- Schedule significantly more community events
- Secure employment for 100% of existing staff
These results, while impressive, were only the first wave of changes our management would bring to this library system. Our financial, technological, and social investments in Riverside County’s libraries yielded excitement and engagement that would have seemed impossible in 1997.
Since 1997, we have operated the library system without once requesting an increase to the 1.15% ad valorem property tax dedicated to the library. Even better, Riverside libraries are able to set aside an increasingly larger portion of this revenue, establishing a formidable reserve budget unprecedented by anything in Riverside history.
While we have used various strategies over the years, our desire to live up to our initial proposal and deliver uncompromising service has never wavered. If the longevity of our partnership doesn’t speak for itself, we believe the results do:
|Weekly operating hours||612||1,488|
|Materials circulation||about 1.9 million||2.4 million + e-books|
|Full time staff||125||218|
|Full time staff w/MLS||20||35|
|Annual visits||1.9 million||4.2 million|
|Program attendees (all)||20,844||141,049|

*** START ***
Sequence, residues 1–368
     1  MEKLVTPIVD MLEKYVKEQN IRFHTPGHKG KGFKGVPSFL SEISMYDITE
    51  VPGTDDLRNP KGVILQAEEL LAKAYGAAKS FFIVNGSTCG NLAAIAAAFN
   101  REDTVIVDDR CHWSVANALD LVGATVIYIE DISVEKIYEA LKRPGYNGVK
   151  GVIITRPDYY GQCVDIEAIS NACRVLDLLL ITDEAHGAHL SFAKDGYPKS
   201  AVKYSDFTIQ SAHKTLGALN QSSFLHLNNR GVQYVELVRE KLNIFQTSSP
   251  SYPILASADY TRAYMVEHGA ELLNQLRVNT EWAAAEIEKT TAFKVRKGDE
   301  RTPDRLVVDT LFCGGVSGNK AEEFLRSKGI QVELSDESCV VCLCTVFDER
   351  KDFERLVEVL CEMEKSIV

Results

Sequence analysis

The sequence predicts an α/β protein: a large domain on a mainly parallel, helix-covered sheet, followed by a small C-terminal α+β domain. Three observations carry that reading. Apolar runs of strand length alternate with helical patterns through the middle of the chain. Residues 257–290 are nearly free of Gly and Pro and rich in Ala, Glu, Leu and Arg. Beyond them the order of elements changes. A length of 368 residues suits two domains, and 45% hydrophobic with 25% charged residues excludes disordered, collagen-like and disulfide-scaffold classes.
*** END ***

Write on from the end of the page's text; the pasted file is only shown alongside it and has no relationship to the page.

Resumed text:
|Program attendees (adult)||1,082||66,028|
With LS&S handling library operations, Riverside County’s libraries have done more than expand operations. They have invested in the programming and assets necessary to become vibrant community hubs.
Introducing Modern Technology
LS&S continuously upgrades the library system’s technological capabilities, and always looks for new ways to streamline operations and improve the user experience of patrons.
We updated and increased the number of user computer terminals throughout the library system, while simultaneously boosting database performance to make librarians’ jobs easier. We invested in faster internet connections with greater bandwidth, bringing a greater diversity of media offerings and improved internet reliability to library visitors. We also ensured the system’s website remained up to date, with remote catalog capabilities, unique blog content, and more.